Golf: The Open - Norman ready to do battle

Former Open champion expects a tough week. By Guy Hodgson
Click to follow
The Independent Online
IT IS EASY to chart Greg Norman's decline. In April 1998 he was ranked third in the world, now he is 35th. The line on the graph goes in one direction and it is not the flattering route. But he could be worse off. Much.

Ten days ago the Great White Shark was contemplating arriving at Carnoustie for the 128th Open Championship with borrowed clubs after a thief broke into his garage on Jupiter Island, Florida, and stole his tournament and back-up sets. He was still going to come, but he would not have competed.

Dreading is a better word than contemplating because trying to play any course while attempting to familiarise yourself with new clubs is bad enough. But in a major, and with rough so thick and high you could lose your caddie in it, the situation would have been hopeless.

Fortunately for Norman the thief realised what he had taken and returned the clubs a day before Norman left for Europe. "I was up all afternoon and most of the night making a new set," he said. "They were stolen by a guy doing an extension on the house and one of the roofing contractors decided to take them to the local driving range. I don't know what he was going to do after that. I don't think he realised what he had until he saw his face plastered all over the television screens and decided to bring them back. I left the next morning but I believe he has been arrested."

Had his roof been completed? "He finished it," he replied. "It was a good deal." Then he added: "It's probably leaky."

Even with his proper equipment, Norman is not enamoured with Carnoustie. The 44-year-old Australian won one of his two Opens at Turnberry in 1986 when the conditions conspired to make it the toughest of recent tournaments, but compared with what the golfers will face over the next four days he believes that was a pussycat.

Norman stopped short of apeing his compatriot, five-times champion Peter Thomson, who described Carnoustie as "unfair", but only just. "I'm sure everyone has heard different adjectives to describe the course," he said, "and they're all minor compared to what we're actually saying on the putting green and the driving range. I think brute has been used a lot.

"Trying to hit a driver into my hotel room would be an analogy I would make. That's about the width we have to hit into. This makes Turnberry in 1986 look like we're playing St Andrews. At least at Turnberry when you went off the fairway you could advance the ball a little bit."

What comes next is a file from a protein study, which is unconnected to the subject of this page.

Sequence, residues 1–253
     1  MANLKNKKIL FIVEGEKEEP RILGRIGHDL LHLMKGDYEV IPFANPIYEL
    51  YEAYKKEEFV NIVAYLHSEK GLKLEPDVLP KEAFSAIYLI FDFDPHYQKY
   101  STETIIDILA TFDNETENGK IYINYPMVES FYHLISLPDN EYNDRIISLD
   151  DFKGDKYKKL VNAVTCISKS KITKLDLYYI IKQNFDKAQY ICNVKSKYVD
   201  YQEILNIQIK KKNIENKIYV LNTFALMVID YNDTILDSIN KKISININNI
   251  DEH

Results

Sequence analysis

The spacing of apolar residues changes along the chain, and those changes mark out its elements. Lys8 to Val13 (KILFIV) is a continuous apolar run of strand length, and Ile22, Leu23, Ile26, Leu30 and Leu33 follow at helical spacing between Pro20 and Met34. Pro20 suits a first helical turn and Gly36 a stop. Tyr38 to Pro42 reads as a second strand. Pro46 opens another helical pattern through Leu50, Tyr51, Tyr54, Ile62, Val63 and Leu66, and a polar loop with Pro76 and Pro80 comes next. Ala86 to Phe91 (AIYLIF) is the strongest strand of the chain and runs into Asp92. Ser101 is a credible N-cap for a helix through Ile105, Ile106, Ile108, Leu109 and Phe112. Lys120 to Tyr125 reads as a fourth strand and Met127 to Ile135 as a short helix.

Norman is about as big a fan of the Open as you can be but he believes the decision to add fertiliser to the rough has taken away much of the charm. "It's green when it should be thin and wispy," he said. "They've changed the characteristics of the course. If I sat here the winner with a score of 300 I'd be as happy as heck but 20 over par does not sit easily with the best player in golf. Eight over is going to be even par this week. If you gave me four 73s I'd take that, sit in the clubhouse for the rest of the week and just take in where my position would be. I'd probably end up winning by eight."

Norman has arrived about as fresh as you can be after playing in only four tournaments since the Masters. In some players you would fear this would leave him unprepared, in him it signifies ease of mind.

"I've learnt that under circumstances like this you really don't need to play a lot of golf," he said. "I'm only speaking for myself but I'm a strong believer that I get a lot more work in my quiet time, practising and playing rounds with my son. Once you get yourself in the position it's like riding a bike. It comes flooding back." As for his chances of attaining that position this week he was upbeat. "The state of my game is pretty good," he said. "I think I've got another British Open victory in me. I've a couple more years of solid golf in me."

He also painted a picture of the likely winner this week but refrained from uttering a name probably because the Identikit bore a striking resemblance to a hook-nosed, blond-haired Aussie. "The strong hitters, the aggressive hitters, the positive hitters are the ones you should look at this week," he said.

For aggressive, in 1993 his 267 was the lowest-ever four-round total in an Open. For strong, his 63 at Turnberry seven years earlier is the joint best score ever. He has the pedigree and, despite his decline in the rankings, he has the confidence. Pertinently, he also has his clubs.

Comments